“Aim for perfection & you’ll get somewhere near.”
Such phrases trip off our tongue & find their way into so many everyday conversations: at home; in the office; in our training & target-setting events; in our schools.
However, I am not sure that such words are actually helpful.
Let’s strip them back & ask a few salutary questions:
1. What is the chance of me achieving anything near perfection?
In reality, it is zero. No matter how hard I try, I won’t get there.
2. What is the chance of a sales team achieving anywhere near perfection?
In reality, it is zero. No matter how hard they try, they won’t get there.
3. What is the chance of our children achieving perfection?
In reality it is zero, No matter ho hard they try, they won’t get there.
We are bombarded daily with digitised, sanitised, edited images that take imperfect objects: fruit; people; skin; food; then erase & gloss-over the blemishes, presenting something that actually does not exist.
I was talking to a friend in the advertising industry recently & they shattered my bubble as they explained that the ‘ice-cream’ used in advertising photographs is rarely anywhere near the real thing; it is certainly not edible. Yet such images are ‘important’ in order to convey their product to us as ideal; perfect for our purchase & consumption.
My biggest concern is that we are creating a generation of people who can no longer discern between reality & fiction. One person I know has a Facebook profile which leads the reader to think they are a childcare professional in their mid-twenties. In reality, they are a child of 13-years-old.
Those who can have become sceptical of what is actually real & what is imaginary, fake or a deception.
But perhaps the greatest danger of striving for perfection is that since we can never reach it, we perpetually end-up feeling unfulfilled, inadequate, unlovely & incapable. If we aim for a target we can never hit we will never be satisfied.
Sure, I understand the need for improvement. It is core to everything I do especially in business. We try; we make mistakes; we learn; we apply the lessons we have learnt & hopefully, we improve.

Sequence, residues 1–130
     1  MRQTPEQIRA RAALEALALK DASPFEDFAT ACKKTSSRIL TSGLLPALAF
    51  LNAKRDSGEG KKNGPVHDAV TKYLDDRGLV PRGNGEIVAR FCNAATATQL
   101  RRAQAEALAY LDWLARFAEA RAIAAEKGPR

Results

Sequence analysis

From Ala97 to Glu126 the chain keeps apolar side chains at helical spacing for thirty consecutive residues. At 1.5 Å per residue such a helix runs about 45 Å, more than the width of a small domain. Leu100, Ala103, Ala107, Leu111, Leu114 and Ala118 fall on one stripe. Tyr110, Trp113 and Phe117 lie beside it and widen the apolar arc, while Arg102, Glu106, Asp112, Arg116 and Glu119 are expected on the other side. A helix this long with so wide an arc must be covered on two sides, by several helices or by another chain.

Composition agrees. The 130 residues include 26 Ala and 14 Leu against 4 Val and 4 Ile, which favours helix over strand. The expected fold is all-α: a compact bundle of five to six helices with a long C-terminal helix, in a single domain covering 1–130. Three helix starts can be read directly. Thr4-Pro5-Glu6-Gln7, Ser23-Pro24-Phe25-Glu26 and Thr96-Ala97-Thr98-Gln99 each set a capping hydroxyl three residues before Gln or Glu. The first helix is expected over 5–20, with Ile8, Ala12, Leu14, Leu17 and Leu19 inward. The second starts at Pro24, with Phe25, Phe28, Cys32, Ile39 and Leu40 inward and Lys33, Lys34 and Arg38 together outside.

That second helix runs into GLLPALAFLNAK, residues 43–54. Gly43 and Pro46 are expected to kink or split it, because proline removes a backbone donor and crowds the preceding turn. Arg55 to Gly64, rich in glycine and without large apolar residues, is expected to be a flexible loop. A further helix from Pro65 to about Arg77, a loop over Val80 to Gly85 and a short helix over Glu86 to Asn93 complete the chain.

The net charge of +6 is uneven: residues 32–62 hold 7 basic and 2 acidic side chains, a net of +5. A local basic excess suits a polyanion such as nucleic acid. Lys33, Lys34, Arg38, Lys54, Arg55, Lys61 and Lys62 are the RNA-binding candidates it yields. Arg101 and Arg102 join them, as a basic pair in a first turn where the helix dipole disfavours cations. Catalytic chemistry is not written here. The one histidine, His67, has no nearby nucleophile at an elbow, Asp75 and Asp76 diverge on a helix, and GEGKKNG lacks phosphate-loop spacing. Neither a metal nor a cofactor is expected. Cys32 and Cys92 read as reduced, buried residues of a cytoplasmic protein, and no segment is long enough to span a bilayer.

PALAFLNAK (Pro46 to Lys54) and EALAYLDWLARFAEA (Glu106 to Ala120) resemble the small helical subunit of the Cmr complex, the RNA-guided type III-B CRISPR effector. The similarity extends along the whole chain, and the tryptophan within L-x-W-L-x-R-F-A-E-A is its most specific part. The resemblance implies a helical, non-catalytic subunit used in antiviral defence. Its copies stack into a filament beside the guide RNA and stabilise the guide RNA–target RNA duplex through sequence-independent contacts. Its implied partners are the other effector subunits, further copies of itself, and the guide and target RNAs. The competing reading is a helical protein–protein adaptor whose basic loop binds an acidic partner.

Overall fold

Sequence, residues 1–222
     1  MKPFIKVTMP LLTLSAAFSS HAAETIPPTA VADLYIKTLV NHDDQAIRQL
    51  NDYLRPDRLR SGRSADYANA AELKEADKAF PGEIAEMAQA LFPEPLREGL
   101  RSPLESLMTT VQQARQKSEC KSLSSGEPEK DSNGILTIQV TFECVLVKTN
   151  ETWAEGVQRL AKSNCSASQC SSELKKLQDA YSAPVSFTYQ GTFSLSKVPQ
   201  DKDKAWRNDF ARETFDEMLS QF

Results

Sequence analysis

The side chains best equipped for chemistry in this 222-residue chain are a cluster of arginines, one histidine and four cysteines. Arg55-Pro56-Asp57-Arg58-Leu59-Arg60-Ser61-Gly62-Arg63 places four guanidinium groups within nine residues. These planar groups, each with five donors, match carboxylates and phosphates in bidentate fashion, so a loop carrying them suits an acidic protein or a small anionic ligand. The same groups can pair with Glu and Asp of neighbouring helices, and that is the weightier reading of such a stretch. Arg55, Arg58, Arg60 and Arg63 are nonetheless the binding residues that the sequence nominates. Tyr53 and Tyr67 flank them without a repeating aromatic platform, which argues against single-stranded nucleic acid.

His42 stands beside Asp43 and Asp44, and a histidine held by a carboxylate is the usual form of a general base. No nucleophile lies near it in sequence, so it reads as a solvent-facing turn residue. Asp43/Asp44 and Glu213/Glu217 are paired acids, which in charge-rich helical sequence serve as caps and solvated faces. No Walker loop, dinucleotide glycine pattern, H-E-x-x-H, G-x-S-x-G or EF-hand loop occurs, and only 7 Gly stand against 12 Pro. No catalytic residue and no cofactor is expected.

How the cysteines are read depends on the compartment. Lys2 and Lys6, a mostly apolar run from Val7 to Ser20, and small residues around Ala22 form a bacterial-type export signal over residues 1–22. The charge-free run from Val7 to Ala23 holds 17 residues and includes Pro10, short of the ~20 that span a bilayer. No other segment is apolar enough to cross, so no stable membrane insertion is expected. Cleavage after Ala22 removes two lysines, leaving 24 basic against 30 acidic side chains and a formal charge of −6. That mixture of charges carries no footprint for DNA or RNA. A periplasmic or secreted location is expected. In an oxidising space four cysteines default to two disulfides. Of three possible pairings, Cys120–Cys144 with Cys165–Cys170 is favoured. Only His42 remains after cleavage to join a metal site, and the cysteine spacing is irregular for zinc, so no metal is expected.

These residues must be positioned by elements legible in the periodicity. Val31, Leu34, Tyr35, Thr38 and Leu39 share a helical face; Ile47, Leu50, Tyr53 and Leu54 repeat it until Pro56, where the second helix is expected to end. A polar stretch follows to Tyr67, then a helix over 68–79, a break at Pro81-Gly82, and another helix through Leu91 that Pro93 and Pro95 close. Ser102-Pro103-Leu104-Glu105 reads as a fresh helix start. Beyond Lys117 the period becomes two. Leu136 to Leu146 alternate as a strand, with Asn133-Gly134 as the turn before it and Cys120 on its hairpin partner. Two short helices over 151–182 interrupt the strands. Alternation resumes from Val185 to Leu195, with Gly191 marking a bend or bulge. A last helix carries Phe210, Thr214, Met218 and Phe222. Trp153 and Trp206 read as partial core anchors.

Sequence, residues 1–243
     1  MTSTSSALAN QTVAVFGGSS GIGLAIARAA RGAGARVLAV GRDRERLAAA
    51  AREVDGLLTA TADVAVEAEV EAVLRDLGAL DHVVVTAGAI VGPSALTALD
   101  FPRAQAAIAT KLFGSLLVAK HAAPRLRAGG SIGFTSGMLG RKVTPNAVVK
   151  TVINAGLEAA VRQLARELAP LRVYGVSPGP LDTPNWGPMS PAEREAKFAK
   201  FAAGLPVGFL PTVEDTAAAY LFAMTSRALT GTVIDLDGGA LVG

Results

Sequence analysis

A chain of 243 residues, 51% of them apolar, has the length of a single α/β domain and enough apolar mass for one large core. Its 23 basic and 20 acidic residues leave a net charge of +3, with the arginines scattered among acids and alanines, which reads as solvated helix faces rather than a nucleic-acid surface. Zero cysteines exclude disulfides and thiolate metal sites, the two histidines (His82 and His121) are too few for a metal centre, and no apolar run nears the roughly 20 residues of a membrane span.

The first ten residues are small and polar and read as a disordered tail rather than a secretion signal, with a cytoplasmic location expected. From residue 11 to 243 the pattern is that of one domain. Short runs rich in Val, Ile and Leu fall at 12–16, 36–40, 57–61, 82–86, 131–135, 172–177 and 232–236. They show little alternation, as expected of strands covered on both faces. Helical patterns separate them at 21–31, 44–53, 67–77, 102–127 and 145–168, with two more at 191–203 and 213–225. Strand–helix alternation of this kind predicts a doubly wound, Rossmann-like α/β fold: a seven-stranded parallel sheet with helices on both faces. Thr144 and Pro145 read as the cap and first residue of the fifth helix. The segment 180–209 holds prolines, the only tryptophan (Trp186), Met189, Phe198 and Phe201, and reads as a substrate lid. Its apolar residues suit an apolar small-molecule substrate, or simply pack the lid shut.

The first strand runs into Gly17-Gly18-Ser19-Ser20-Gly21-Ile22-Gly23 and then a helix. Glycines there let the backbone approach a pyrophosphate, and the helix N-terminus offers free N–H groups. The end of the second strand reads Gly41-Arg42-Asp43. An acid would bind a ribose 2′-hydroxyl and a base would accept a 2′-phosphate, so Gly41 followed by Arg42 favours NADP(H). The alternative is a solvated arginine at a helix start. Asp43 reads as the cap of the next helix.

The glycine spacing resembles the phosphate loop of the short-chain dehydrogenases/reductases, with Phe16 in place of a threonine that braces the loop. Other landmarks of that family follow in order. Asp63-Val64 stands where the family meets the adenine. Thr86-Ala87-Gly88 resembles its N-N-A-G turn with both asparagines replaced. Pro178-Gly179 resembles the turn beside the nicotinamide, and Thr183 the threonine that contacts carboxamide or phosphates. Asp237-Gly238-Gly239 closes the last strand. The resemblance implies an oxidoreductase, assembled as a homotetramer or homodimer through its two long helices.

But there is a huge difference between aiming to improve & aiming for perfection.
That difference is we can always improve.
I have experienced the reign of perfectionism in my own life. I strived for it; missed; was rarely satisfied or content & eventually ended up in a position where taking my own life seemed an attractive option. Thankfully, I sought help before I got any further with that idea, but our media & cemeteries contain those those who were not so fortunate.
How we see ourselves is central to how we perform, how well we handle pressure, how well we interact with others & how successful we are in life. I define success as a ‘sense of personal achievement’ rather than financial success.
If we are not careful we create for ourselves & our children a master that demands rigid obedience to a set of rules with which we can never comply, a master who then beats us severely when we fail to achieve the standard set.
That master is ourself.
So, as my counsellor said to me so many times, “Be merciful on yourself!”
Cut yourself some slack. Don’t believe all you see or read or hear.
But DO believe in yourself & know that you are perfect just as you are, warts & all.
And as you improve, you are still perfect as you are.
Life is too short to be weighed-down by the crap & false standards that others try to put on us (& the crap we successfully pile on ourselves if we’re not careful). This week I was reminded of that fact as we laid my brother’s ashes to rest. During the service we took some time to remember Graham & what came across so clearly was, despite his genius AND his imperfections & failings, he was content with who he was. He knew his short-comings better than anyone but he didn’t let them hold him back & he didn’t let what others thought of him or what others tried to tell him he should be stop him from doing what he was passionate about. He had a grasp of reality & knew who he was.
I sincerely pray that you will be able to experience the same liberation by realising that, despite any imperfections, you are lovely just as you are.
As my brother often quoted to me, ” Stuart! Nil carborundum illigitimis!”
Take care until next time …